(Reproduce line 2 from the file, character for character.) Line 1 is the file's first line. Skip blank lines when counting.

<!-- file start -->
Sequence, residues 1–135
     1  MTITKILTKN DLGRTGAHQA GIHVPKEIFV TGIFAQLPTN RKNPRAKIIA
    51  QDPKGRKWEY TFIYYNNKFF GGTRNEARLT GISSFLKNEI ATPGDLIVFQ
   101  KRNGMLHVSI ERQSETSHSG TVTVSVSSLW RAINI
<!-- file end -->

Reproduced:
     1  MTITKILTKN DLGRTGAHQA GIHVPKEIFV TGIFAQLPTN RKNPRAKIIA